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Welcome to Books R Us, a recommended reading blog from InfoSoup librarians and users and home to A Year of Listening Dangerously, the 2014 InfoSoup Reading Challenge! Find a great book to read next, add your own reviews, and check out our book related resources such as NoveList and BookLetters.

Reviews by Elizabeth: (Seymour) Muehl Public Library

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Author: Neil Pasricha

I like this premise--identifying the tiny things that make us so very happy. In these trying times, the success of this book (& accompanying website) show how we are all craving the identification of good things. I think the word awesome is so misused but I use it myself, so who am I kidding? It seems like I gravitate toward the entries about sleeping. There was one about waking up and still realizing you have more time to sleep (I love that). There was one about how good it feels to slip into fresh sheets--oh, yeah! And then there was one about how amazing it is to flip your pillow and have a whole new feeling of relaxation. Oh, yes, the little things--they ARE wonderful. Thanks, Wisconsin Public Radio, for interviewing the author!

Think Twice

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Author: Lisa Scottoline

My first Lisa Scottoline book. It was a good, fast read--simple chapters moving rapidly forward. My fascination with twins was challenged by this book where one twin was very good and one was very evil. The evil one, Alice, is impersonating the good one, Bennie, and of course, there are many plot twists and turns. Bennie actually discovers the evil within herself because she desires to annihilate Alice. Subtly, the book shows that identity theft is not all that hard when you look identical to the victim. At the end, the door is left open for a sequel, I felt.

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Author: Kelly O'Connor McNees

Fascinating! What a great imagination Kelly used to draw a picture of Louisa as a lover to Joseph. There really is a summer in Louisa's life that we don't know much about. Coincidentally, it is the year in which Walt Whitman's Leaves of Grass was published. Kelly deftly incorporates this little tidbit into the story. I liked how Louisa was fiercely independent and wishing for more options for women. Terrific debut! (& realistic)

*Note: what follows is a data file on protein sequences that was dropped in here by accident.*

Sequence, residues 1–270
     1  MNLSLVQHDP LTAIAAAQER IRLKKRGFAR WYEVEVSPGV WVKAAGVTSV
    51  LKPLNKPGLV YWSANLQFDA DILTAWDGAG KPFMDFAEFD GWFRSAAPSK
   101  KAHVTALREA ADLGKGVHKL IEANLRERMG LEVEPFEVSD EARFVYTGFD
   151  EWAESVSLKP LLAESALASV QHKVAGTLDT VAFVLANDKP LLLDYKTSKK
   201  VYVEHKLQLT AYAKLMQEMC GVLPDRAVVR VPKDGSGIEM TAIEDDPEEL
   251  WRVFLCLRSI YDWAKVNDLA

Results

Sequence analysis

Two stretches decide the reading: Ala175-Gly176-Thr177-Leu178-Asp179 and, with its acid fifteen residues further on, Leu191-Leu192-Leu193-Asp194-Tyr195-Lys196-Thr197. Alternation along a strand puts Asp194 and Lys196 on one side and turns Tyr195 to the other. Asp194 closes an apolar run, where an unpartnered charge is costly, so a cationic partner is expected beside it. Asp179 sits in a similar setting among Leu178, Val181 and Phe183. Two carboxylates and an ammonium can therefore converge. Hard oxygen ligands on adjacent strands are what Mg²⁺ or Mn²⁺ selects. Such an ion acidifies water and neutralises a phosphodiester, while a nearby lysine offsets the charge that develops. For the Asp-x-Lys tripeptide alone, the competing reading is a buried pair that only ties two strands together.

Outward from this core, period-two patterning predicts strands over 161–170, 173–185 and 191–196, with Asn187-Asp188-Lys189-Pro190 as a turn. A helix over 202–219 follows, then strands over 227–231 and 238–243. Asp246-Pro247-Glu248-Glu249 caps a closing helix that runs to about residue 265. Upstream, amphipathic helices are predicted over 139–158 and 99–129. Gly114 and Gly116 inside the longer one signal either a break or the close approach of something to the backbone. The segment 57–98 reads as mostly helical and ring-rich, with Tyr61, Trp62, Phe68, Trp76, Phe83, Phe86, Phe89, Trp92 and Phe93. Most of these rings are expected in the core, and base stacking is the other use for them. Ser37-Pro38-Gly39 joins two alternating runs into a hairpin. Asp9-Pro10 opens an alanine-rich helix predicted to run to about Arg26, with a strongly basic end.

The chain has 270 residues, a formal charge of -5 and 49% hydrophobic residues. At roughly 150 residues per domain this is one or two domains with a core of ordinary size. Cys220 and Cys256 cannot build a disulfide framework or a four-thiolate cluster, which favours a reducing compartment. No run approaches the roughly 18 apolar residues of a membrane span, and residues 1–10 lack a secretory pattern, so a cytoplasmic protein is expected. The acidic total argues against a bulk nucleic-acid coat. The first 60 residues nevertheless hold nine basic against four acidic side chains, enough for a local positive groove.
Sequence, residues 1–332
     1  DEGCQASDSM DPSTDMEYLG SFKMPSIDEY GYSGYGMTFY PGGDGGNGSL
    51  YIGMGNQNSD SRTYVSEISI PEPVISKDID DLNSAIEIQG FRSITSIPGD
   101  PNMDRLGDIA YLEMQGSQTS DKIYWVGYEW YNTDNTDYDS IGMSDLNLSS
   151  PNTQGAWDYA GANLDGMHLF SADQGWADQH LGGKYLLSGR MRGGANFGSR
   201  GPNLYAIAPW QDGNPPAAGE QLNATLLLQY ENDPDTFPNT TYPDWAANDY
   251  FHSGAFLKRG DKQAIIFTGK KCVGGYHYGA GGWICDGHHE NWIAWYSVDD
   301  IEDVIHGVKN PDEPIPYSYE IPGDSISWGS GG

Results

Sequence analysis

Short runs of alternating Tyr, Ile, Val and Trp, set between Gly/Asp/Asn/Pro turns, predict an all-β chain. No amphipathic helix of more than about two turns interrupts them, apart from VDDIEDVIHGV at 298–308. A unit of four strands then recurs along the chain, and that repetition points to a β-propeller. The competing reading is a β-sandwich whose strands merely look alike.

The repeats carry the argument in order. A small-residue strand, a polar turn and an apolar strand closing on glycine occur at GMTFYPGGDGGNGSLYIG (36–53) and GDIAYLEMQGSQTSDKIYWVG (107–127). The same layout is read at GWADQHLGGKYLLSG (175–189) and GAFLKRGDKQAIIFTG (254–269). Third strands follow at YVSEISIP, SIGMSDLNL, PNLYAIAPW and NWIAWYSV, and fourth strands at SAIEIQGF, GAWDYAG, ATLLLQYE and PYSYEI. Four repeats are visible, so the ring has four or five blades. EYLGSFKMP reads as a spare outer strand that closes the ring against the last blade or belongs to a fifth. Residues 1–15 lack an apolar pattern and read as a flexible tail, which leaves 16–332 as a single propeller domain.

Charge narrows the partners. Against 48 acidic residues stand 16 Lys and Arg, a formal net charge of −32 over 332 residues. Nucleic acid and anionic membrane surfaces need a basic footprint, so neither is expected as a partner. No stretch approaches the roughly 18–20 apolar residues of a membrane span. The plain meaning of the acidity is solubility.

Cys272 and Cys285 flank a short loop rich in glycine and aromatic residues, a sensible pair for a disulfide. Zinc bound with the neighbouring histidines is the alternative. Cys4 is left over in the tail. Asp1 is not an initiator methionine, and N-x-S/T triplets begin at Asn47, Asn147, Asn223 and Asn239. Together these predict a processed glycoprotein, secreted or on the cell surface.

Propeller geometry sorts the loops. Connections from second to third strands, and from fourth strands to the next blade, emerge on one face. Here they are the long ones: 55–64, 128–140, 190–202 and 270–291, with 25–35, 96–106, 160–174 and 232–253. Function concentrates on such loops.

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Author: Sara Rath

I enjoyed this book because it was set in Wisconsin and I was familiar with the settings--Madison versus Up North. It was the famous plot line--woman plucked from metropolitan area to obscurity and falls in love with the place and a man. I kept feeling like I was missing pieces--duh! I discovered I was listening to abridged. I hate that mistake! A good read for summer--try the unabridged!

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Author: Elizabeth Strout

Remember that I am a reader who enjoys characters. This book was perfect for me! Olive Kitteridge is a high school math teacher in a small town and a force to be reckoned with. She is married to Henry and they have a son Christopher. This is a book of 13 short stories and in each one we receive a different perspective of Olive. The first story introduces us to Henry--it is a very smart and interesting way to begin the book. You are pulled right in. In an interview with the author in the end pages, Elizabeth Strout indicates that she chose to write the book this way to give the reader a break from Olive. Yes, this makes sense! Olive is that strong a character. I can't say I learned to like Olive but I certainly learned to understand her. And I enjoyed her forthrightness that she exhibited at most times. When she chose not to be forthright I think we learn even more about her and her desire to mature and be a better person? I could see all the characters and how they harbored misconceptions about one another--I think we all do that. And even when we seek the truth about other people do we really ever know their stories or their psychology or how they have become who they are. Fascinating stuff! Great writing!